Moving to Hong Kong, the best film in the festival is the uncut version of John Woo’s RED CLIFF, but I’ve already written about it here at Morlocks and also at Moving Image Source, so I won’t spill more words on it. But I will recommend Gallants, a quirkily nostalgic martial arts film featuring oldsters Bruce Leung and Chen Kuan-Tai. Waiting for their near-ancient master to awake from a coma, Leung and Chen turn the gym into a restaurant, until a callow teen sparks a feud with the high-tech workout joint across town. It’s a pleasant and comfy piece of work, sliding into the normal revenge plot mode with tongue gently pressing against cheek.

Little Big Man, Jackie Chan’s diverting take-off on the series of swashbuckling origin stories (including Red Cliff), finds the cherubic 56 year old actor playing a coward. He plays dead during the heroic battles in order to stay alive, and captures a wounded opposing General after all the bodies fall. Failing to push its subversive premise very far, the film ends up celebrating the same kind of warrior ethos it is ostensibly parodying. But it features a few agile Chan fight scenes, and that should be enough.

The only Korean feature I was able to preview was the loopy romantic comedy, Castaway on the Moon, which is unable to sustain its whimsy past the one-hour mark, upon which it devolves into standard love story pabulum. Mr. Kim attempts suicide by jumping into the Han river, only to find himself on an isolated island. Not too upset to be cut off from society, he starts living off the land and communicating with a shut-in, Mrs. Kim, who watches him through a telescope at a high-rise apartment. There is some good obsessive work with black bean noodles, bird poop and the real utility of credit cards, but once the separated duo start communicating, invention flags and director Lee Hey-Jun gropes for cliche.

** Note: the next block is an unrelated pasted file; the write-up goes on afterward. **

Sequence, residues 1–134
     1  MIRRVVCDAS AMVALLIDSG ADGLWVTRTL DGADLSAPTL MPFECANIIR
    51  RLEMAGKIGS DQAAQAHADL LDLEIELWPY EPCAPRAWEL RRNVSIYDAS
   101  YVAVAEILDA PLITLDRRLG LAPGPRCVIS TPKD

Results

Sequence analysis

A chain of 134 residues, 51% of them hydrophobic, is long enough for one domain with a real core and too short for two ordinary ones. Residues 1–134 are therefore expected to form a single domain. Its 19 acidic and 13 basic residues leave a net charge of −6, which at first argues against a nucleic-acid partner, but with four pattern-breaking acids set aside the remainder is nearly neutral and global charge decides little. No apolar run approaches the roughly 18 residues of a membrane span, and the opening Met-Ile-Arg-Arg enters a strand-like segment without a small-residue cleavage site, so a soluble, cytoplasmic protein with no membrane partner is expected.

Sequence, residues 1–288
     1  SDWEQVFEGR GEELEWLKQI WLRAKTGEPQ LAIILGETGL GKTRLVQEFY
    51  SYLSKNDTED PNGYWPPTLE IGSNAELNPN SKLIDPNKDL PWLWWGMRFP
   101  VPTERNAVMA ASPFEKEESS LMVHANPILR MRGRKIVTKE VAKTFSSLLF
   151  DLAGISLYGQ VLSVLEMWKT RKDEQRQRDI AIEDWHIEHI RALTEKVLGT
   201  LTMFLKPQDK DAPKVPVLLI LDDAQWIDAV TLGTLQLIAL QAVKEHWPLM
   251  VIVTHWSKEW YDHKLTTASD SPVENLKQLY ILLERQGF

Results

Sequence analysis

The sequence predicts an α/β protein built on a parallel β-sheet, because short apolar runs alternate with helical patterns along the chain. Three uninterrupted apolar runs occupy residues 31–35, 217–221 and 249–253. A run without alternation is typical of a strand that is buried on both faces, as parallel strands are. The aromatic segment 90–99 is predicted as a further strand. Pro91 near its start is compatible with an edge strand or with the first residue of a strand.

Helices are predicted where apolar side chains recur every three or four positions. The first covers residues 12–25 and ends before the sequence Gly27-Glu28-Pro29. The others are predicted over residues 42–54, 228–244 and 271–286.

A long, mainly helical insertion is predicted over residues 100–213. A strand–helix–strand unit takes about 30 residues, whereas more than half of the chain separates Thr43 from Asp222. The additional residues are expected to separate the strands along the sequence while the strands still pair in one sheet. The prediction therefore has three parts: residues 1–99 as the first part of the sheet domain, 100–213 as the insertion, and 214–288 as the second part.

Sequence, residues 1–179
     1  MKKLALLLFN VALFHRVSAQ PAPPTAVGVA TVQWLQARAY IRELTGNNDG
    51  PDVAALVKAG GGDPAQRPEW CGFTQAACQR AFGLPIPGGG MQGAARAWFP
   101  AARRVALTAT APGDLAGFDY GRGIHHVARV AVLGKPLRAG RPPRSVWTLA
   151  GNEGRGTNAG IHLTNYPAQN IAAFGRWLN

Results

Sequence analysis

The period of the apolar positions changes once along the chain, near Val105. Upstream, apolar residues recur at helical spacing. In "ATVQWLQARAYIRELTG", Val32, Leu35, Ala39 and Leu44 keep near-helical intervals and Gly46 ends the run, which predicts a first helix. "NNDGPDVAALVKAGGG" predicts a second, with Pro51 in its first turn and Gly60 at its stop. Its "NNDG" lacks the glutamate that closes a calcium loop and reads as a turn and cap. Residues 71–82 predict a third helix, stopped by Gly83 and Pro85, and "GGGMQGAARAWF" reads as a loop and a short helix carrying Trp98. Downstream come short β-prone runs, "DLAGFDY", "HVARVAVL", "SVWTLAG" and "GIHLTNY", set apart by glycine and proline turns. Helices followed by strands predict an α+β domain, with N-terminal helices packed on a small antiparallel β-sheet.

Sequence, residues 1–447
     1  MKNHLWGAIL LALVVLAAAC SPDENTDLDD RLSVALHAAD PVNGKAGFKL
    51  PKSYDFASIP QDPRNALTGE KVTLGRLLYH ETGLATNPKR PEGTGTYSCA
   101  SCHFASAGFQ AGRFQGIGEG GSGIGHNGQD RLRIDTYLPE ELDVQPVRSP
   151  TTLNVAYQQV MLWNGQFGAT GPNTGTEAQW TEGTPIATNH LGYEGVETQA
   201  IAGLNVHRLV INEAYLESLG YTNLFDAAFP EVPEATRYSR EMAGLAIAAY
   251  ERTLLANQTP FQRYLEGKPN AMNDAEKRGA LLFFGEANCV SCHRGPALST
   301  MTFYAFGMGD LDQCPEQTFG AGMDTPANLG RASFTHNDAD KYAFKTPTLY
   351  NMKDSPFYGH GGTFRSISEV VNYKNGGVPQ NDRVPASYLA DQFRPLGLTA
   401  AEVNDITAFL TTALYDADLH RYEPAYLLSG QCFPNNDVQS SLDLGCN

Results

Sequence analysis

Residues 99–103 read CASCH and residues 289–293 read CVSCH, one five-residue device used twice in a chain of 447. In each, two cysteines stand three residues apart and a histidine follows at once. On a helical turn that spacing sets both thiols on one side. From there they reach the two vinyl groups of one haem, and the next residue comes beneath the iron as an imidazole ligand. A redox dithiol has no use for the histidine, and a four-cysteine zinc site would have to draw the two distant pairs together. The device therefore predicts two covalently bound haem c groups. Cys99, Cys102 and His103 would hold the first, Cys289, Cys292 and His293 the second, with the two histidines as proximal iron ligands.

The Japan Cuts program tends to be more reserved and dramatic, leaving the madness to NYAFF, and this year is no exception. The main highlight for me has been Yoji Yamada’s About Her Brother, an expertly staged family melodrama starring the superb Sayuri Yoshinaga and Tsurube Shofukutei. They play sister and brother, respectively, with the latter drinking himself into a debauched oblivion. Yamada, now 78, is in perfect control of the medium, setting up familial relations and foreshadowing events through composition and staging. Beginning with a quick montage of recent Japanese history (including clips from Yamada’s own 48-feature long Tora-san series), the film slowly unveils Tsurube as the inebriated black sheep of the family, upending a family wedding with the destructive power of his singing voice.

He prefaces this destruction with a quietly witty shot – a wine glass in the left foreground marking doom. Later, Tsurube’s knee juts up into the middle of the frame, another subtly amusing jibe at his need to be the center of attention. But this isn’t a comedy of reformation. Yamada never allows Tsurube to be judged so simplistically, eventually offering a subtle critique of the middle-class values that would attack his particular kind of independence. If you need more reasons to see it, David Bordwell is a fan and wrote about it briefly here.

The festival started on June 25th, but there’s plenty more to see. And while it’s likely you won’t catch them in cinemas again anytime soon, many will be available at your local Chinatown on DVD, and will be for sale at on-line retailers like YesAsia.